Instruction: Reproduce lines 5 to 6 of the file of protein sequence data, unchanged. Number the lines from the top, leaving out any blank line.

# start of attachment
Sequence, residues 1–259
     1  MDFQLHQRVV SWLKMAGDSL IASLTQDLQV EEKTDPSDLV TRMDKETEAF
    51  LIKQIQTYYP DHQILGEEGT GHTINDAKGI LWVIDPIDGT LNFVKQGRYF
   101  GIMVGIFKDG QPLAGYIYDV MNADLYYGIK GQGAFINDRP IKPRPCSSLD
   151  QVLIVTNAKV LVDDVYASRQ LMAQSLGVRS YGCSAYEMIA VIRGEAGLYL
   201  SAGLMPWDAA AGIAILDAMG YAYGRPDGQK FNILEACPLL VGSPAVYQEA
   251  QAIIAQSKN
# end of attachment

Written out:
   151  QVLIVTNAKV LVDDVYASRQ LMAQSLGVRS YGCSAYEMIA VIRGEAGLYL
   201  SAGLMPWDAA AGIAILDAMG YAYGRPDGQK FNILEACPLL VGSPAVYQEA